Many vendors are now pushing the move to, or only offering cloud-based services but is this the right move for your business?
Cloud services or hosted services are services that, instead of your business purchasing the hardware and software to run onsite, are offered as a perpetual reoccurring payment instead of a more significant upfront investment.
Are cloud services more affordable?
Most cloud or hosted solution providers claim that their product is more reliable and easier to manage than onsite self-managed solutions, but that may not always hold true. Cloud Services may offer what appears to be an affordable monthly amount, but the payment never ends, and cost increases for hosted solutions are a normal part of life. When compared side by side with purchasing software and hardware, the company’s size often determines whether or not cloud-based services are a cost-effective route for businesses to go. Companies with only a few users may find the pricing attractive compared to a business with hundreds of users.
Cloud Services are easier to deploy, sometimes.
Many cloud services are easier to deploy by eliminating the initial setup time as the product is ready to go except for personalization to meet your business needs better. In-house solutions can require software, physical equipment, or additional server resources if your company is already leveraging server virtualization to be installed and configured before the migration can occur. Most cloud providers offer an automated or scripted process to migrate email accounts or file shares to the cloud quickly. Microsoft Office 365 has a synchronization tool that allows your local user accounts, passwords, groups, and permissions to their hosted services. These tools and processes significantly reduce the migration time to cloud-based services and make the switch attractive to many IT managers and executives facing updating aging systems and software who see this as an easier path to upgrade. Most IT managers dream of having one less thing to manage, and the cloud offers them hope that they can offload something from their plate altogether.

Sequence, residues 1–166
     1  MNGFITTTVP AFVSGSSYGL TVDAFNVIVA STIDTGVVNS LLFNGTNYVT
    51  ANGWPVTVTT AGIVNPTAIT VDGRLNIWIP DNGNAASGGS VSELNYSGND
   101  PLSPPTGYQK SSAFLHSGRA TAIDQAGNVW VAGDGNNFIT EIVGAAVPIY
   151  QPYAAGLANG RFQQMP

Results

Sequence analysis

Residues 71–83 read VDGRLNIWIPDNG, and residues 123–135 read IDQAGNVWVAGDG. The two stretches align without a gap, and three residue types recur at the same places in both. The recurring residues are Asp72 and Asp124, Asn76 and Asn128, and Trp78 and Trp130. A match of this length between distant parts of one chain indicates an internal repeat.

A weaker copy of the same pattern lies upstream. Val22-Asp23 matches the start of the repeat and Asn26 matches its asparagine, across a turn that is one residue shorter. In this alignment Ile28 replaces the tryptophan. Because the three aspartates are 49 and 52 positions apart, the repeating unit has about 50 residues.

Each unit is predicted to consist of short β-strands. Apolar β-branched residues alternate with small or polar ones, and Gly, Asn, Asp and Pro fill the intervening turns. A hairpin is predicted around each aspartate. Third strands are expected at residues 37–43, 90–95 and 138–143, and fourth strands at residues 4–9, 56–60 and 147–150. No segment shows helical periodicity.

The migration process can be short and sweet, but most often, it takes longer than initially planned as you are moving hundreds of gigabytes of data or, more commonly, terabytes of data over the internet to the cloud vendor. The data moving process is often interrupted or times out due to the very long transfer process. The secondary drawback is that while you are doing these large data transfers, your users are also trying to use the internet, which can easily become hair pulling slow for days or even weeks as the migration occurs.
Are cloud services more dependable? Maybe.
The most glaring issue with cloud-based services is that they are all dependent on the speed and reliability of your internet connection. Additionally, the entire internet comes into play as a liability with cloud-based services. You don’t know how or where your connection to the cloud-based vendor is routed or will be affected by the day-to-day issues the internet experiences. System upgrades have gone wrong, severed fiber cables and Denial of Service Attacks occur all the time and are entirely out of control of the cloud vendor and your IT department. System issues and problems are now out of your IT department’s hands, which means you rely on the cloud provider to resolve any issue or outages. While your IT manager may have thirty years of experience and can fix problems faster than a Nascar pit crew can change tires and fuel up a car, you are at the mercy of the knowledge of whoever the cloud service provider has hired.